The relationship between cardio‐ankle vascular index and subclinical atherosclerosis evaluated by cardiac computed tomographic angiography

The relationship between cardio‐ankle vascular index and subclinical atherosclerosis evaluated... INTRODUCTIONIn 2010, nearly 800 000 Americans died of cardiovascular, cerebrovascular, and renal disease. Therefore, it is very important to detect these high‐risk patients in their subclinical status.Changes in vascular integrity and properties are implicated in the pathogenesis of these diseases. Data from the Framingham cohort have shown that arterial stiffness correlates with the first cardiovascular event. There are several methods to evaluate arterial stiffness, with cardio‐ankle vascular index (CAVI) being one such method. Previous studies have indicated that CAVI has a significant relationship with atherosclerosis. Specifically, studies that compared CAVI with invasive coronary artery angiography or cardiac computed tomography angiography (CCTA) indicated a significant relationship between CAVI and coronary artery disease (CAD). Although CAVI has been extensively studied and recognized as a tool to predict cardiovascular risk, most studies have been conducted in Asian countries. This is a pilot study to investigate whether CAVI can predict severity, extent, and burden of CAD by comparing results with CCTA in a US population.METHODSPatientsEligible participants were age 18 to 80 years and presented to obtain a CCTA for clinical reasons at the outpatient center of the Los Angeles Biomedical Research Institute at Harbor‐UCLA Medical Center (Torrance, CA). From April 2014 to March http://www.deepdyve.com/assets/images/DeepDyve-Logo-lg.png Clinical Cardiology Wiley

The relationship between cardio‐ankle vascular index and subclinical atherosclerosis evaluated by cardiac computed tomographic angiography

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Publisher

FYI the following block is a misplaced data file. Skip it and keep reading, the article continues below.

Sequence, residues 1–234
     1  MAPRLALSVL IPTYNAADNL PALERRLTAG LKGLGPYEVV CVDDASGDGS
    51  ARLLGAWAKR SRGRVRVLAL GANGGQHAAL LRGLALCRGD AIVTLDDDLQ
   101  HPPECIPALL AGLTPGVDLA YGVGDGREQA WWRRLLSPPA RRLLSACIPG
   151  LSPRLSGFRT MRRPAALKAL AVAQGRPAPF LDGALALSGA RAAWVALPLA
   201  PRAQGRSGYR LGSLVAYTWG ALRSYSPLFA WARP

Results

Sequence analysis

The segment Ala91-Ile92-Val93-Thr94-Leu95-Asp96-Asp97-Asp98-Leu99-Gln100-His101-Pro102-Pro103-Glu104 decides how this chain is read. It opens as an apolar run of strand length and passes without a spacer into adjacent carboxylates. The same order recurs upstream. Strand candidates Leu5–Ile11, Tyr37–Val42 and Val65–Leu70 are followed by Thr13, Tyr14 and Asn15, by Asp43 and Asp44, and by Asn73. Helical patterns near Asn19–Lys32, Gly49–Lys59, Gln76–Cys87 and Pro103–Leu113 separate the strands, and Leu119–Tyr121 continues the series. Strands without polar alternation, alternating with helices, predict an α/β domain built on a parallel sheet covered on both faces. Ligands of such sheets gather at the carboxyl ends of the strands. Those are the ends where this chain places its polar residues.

Wiley
Copyright
© 2017 Wiley Periodicals, Inc.
ISSN
0160-9289
eISSN
1932-8737
D.O.I.
10.1002/clc.22695
Publisher site
See Article on Publisher Site

Abstract

INTRODUCTIONIn 2010, nearly 800 000 Americans died of cardiovascular, cerebrovascular, and renal disease. Therefore, it is very important to detect these high‐risk patients in their subclinical status.Changes in vascular integrity and properties are implicated in the pathogenesis of these diseases. Data from the Framingham cohort have shown that arterial stiffness correlates with the first cardiovascular event. There are several methods to evaluate arterial stiffness, with cardio‐ankle vascular index (CAVI) being one such method. Previous studies have indicated that CAVI has a significant relationship with atherosclerosis. Specifically, studies that compared CAVI with invasive coronary artery angiography or cardiac computed tomography angiography (CCTA) indicated a significant relationship between CAVI and coronary artery disease (CAD). Although CAVI has been extensively studied and recognized as a tool to predict cardiovascular risk, most studies have been conducted in Asian countries. This is a pilot study to investigate whether CAVI can predict severity, extent, and burden of CAD by comparing results with CCTA in a US population.METHODSPatientsEligible participants were age 18 to 80 years and presented to obtain a CCTA for clinical reasons at the outpatient center of the Los Angeles Biomedical Research Institute at Harbor‐UCLA Medical Center (Torrance, CA). From April 2014 to March

Journal

Clinical CardiologyWiley

Published: Aug 1, 2017

Keywords: ; ;

References

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